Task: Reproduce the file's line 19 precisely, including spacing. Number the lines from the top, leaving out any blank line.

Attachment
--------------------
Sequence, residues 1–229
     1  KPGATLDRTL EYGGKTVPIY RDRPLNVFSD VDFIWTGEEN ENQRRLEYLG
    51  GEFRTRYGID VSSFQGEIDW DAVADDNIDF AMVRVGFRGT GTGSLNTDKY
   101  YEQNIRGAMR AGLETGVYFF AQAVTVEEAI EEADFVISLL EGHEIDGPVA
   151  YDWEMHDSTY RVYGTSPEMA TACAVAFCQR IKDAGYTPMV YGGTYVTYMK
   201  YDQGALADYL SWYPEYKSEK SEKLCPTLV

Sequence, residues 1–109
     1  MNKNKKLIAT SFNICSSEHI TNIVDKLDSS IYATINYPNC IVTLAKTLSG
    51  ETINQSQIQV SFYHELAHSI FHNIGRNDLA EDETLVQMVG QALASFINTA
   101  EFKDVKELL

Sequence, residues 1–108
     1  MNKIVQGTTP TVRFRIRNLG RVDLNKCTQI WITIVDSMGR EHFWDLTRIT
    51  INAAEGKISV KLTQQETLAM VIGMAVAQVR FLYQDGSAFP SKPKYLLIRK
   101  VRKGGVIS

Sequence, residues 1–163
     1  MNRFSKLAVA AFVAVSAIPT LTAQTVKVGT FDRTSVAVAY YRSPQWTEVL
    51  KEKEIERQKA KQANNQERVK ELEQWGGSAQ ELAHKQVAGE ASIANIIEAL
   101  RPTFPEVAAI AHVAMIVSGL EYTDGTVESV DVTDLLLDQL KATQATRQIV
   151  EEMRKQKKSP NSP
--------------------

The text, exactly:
   151  EEMRKQKKSP NSP